I guess we can blame last year's dean search for my sometime obsession with management books, but this weekend I read another one: Stephen Young's Micromessaging: Why Great Leadership is Beyond Words.
This is a relatively quick and easy read and it deals with the largely non-verbal aspects of communication that often get in the way of effective messages being sent and received between co-workers.
While much of the book seems like common sense, it's a good idea to occasionally think about non-verbal aspects of communication and how they get in the way of effective management and teamwork. Some of the more salient take-aways for me in terms of law school hiring and management were:
1/ Young's suggestion that in the case of diversity hiring and retention, we have moved from an era of "macro-inequities" which are pretty obvious and blatant forms of discrimination in the workplace to "micro-inequities" that may disproportionately affect women and minorities in the workplace and which are much more subtle and difficult to deal with than blatant sexism or racism.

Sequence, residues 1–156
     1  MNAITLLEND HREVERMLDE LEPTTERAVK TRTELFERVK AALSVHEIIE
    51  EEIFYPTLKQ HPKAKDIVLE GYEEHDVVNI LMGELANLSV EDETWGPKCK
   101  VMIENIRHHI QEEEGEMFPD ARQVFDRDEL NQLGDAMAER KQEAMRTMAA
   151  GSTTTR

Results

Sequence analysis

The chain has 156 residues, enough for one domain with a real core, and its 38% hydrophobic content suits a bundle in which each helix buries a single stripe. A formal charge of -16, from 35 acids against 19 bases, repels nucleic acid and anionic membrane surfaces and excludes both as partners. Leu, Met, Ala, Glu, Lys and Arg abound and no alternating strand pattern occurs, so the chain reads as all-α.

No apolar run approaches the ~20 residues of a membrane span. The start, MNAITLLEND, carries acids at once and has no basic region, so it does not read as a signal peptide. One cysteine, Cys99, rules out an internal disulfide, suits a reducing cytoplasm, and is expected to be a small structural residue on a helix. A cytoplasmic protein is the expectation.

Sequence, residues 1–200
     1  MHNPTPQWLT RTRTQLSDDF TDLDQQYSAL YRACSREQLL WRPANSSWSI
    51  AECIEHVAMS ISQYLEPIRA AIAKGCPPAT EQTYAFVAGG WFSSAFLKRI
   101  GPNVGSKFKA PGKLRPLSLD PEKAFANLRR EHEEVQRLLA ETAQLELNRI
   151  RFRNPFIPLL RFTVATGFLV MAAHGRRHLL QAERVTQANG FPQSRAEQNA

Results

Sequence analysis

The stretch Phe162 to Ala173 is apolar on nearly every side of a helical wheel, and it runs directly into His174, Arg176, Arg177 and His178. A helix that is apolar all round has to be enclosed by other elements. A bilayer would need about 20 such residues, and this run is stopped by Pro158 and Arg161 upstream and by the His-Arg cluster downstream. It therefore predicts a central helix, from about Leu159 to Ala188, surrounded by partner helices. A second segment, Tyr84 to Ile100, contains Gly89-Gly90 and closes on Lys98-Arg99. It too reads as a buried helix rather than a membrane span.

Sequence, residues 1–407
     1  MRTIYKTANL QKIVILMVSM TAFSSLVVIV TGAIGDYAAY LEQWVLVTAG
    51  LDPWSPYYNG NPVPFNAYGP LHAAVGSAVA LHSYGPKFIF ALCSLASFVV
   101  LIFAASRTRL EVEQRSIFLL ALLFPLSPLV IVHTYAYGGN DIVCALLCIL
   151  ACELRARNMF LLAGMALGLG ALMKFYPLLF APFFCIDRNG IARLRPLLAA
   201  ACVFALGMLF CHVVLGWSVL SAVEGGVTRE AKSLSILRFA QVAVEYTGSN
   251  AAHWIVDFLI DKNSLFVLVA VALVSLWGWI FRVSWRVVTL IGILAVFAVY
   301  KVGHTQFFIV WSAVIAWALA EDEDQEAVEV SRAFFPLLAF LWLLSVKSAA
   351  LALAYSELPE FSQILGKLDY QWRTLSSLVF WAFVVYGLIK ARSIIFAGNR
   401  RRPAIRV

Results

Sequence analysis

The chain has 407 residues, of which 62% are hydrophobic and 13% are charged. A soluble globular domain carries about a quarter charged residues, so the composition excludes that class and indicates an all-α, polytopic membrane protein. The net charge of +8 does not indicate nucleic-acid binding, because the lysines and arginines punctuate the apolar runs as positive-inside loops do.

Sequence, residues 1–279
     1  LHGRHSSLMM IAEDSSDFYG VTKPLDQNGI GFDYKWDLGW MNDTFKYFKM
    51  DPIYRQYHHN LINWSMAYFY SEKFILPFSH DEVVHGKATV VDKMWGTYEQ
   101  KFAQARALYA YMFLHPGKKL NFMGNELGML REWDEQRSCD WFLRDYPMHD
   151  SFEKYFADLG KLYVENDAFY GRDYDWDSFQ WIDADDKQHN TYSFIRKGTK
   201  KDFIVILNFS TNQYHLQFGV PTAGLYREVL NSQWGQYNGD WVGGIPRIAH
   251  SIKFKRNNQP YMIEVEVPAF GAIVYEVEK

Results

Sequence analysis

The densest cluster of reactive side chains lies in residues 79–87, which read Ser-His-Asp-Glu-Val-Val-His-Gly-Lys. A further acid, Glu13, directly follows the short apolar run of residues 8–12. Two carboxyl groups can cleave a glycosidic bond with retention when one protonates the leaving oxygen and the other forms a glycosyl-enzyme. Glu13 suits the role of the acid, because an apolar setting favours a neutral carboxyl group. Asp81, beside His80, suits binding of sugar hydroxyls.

2/ Young's assertion that some of the more intellectual and academically minded amongst us are the least effective at being aware of subtle non-verbal communications cues that may belie the verbal messages we are sending to each other.
3/ The idea that the most effective managers actually communicate differently with different people to bring the best out of everyone. This makes me wonder whether those of us interviewing deans over the years should be asking standard questions like: "What is your management style?" Might it be better to ask something like: "How do you go about bringing the best performance out of different staff/faculty?"